Thus vegetables, to some degree, are a reasonable plant to cover a tilled soil. Tilling not only quickly converts land out of its natural perennial growth but also creates a surface that is appropriate for seeding or planting. Tillage destroys weeds and mixes fertilizers and organic materials into the soil profile and can break up plow pans and surface crusts. Thus tillage may have beneficial results in terms of air and water movement, soil temperature, and residue decay. The need for many of these improvements, however, may actually arise from inappropriate past tillage events. To some degree tillage may lead to conditions where more tillage is needed, a sort of tillage treadmill effect.
For growers to best utilize tillage for potential benefits and avoid perpetuating the need for tillage, they must first identify a clear purpose for tilling and understand the damage that tillage events may cause. This provides the best chance that they will achieve their goal and inflict the least possible damage. Though nature is forgiving, over time repeated disturbance by tillage can wear down a soil’s ability to effectively recover. The deterioration of soil structure leading to soil crusting and subsurface plow pans, increased erosion of soil, destruction of soil life, and the dramatic impact on the soil temperature and imbalance of soil air:water biology and nutrients are just a short list of the detrimental impacts of tillage. The ramifications of these conditions on crop health can be extensive. Weeds respond to the disturbance with rampant growth. Damage and imbalance to the soil biology lead to nutrient imbalances that if unmanaged by growers quickly lead to disease and insect assault as well as poor growth with all manner of production difficulties, leading to lack of profitability. Fortunately, there is a better way.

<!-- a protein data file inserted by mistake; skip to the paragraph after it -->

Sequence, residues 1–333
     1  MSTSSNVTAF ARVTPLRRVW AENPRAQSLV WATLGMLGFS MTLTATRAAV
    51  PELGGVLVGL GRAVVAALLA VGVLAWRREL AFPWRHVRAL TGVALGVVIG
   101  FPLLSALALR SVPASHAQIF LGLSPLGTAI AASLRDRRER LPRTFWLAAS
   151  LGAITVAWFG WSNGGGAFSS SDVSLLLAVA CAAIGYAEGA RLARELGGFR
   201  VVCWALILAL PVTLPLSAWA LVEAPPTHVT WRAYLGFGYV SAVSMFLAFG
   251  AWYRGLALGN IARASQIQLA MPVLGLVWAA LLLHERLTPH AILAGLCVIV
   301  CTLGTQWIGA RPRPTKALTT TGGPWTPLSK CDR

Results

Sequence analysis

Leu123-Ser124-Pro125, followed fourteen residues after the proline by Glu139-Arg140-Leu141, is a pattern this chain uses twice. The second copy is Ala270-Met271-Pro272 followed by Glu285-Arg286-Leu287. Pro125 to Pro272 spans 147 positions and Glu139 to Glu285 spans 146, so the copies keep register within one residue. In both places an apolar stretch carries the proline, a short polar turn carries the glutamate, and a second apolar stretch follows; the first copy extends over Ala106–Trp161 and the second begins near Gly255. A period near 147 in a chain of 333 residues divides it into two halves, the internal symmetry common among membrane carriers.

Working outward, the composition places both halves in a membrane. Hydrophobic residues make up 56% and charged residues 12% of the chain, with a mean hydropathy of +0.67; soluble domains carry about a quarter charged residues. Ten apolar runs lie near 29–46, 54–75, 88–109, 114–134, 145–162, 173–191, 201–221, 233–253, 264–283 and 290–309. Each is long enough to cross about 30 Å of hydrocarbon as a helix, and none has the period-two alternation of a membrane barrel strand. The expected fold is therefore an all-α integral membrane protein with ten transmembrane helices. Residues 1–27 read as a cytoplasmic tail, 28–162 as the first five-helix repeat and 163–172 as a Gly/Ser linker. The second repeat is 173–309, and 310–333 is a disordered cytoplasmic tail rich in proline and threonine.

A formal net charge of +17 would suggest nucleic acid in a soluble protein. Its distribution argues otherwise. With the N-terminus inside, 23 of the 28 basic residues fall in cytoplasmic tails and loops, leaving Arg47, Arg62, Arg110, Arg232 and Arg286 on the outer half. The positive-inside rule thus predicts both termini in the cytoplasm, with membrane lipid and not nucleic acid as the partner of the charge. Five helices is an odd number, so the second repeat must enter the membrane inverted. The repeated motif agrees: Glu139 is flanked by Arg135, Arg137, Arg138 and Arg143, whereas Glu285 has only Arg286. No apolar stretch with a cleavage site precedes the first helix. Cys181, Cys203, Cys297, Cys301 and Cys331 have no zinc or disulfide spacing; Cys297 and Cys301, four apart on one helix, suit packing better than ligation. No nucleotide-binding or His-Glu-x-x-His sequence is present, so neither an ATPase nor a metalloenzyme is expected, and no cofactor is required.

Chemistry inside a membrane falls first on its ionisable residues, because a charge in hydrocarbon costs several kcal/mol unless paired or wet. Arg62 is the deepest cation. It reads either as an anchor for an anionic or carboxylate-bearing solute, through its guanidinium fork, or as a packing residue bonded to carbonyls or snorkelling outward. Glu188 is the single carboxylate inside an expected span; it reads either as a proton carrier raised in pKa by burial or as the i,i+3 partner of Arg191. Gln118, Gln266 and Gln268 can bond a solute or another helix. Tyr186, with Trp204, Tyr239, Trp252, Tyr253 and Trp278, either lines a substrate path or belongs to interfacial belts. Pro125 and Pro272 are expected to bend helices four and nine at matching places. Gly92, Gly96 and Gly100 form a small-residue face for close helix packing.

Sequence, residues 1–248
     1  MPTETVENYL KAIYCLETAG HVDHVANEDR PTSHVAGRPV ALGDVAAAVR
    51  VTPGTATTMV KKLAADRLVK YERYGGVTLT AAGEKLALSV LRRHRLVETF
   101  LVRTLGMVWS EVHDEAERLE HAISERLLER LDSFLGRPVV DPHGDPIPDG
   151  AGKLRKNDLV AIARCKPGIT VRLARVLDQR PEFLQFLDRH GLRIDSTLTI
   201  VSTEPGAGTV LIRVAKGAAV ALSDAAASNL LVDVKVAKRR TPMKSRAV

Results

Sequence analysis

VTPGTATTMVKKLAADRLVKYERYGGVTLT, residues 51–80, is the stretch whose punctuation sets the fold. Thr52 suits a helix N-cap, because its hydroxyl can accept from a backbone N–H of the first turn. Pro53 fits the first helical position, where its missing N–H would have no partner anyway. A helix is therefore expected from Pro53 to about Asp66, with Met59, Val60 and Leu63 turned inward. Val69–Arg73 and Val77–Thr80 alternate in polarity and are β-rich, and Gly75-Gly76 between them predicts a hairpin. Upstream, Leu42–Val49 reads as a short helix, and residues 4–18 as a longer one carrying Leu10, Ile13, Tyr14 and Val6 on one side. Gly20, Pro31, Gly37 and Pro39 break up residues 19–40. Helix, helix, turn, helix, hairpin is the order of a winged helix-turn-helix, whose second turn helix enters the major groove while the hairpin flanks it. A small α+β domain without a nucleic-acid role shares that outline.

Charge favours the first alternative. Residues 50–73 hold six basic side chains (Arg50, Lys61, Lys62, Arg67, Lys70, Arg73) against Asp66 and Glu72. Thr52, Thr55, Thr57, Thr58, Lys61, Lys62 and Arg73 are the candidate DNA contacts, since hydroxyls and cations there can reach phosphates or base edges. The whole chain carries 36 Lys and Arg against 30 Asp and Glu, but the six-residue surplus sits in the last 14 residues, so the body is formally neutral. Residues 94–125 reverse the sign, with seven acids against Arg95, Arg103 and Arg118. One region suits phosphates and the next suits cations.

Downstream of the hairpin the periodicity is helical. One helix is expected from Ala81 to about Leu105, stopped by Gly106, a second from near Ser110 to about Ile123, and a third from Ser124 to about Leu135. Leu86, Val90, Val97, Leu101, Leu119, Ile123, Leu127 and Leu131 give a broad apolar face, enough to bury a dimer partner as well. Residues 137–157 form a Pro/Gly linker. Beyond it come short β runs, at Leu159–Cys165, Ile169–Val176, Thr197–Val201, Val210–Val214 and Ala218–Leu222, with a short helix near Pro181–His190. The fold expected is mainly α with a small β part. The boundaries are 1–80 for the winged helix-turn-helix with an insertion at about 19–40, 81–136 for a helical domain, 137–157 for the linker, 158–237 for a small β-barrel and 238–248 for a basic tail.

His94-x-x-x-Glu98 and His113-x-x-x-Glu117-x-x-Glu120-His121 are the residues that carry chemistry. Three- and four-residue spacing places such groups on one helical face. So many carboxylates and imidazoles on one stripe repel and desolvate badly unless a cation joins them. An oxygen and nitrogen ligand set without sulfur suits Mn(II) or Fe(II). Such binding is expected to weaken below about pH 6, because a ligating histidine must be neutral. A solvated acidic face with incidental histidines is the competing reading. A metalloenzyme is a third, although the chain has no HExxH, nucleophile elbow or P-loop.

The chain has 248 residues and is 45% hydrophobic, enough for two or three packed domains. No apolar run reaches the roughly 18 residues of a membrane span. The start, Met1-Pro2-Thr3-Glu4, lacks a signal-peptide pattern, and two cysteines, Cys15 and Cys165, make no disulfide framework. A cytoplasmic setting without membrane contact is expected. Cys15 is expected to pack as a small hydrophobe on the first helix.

The transition from tillage systems to reduced tillage and finally to no-till is often gradual. As well, no-till may not be a permanent field condition, and some form of tillage may be reintroduced in order to achieve a specific goal such as eliminating an infestation of aggressive perennial weeds, with an eventual return to no-till when that goal is achieved.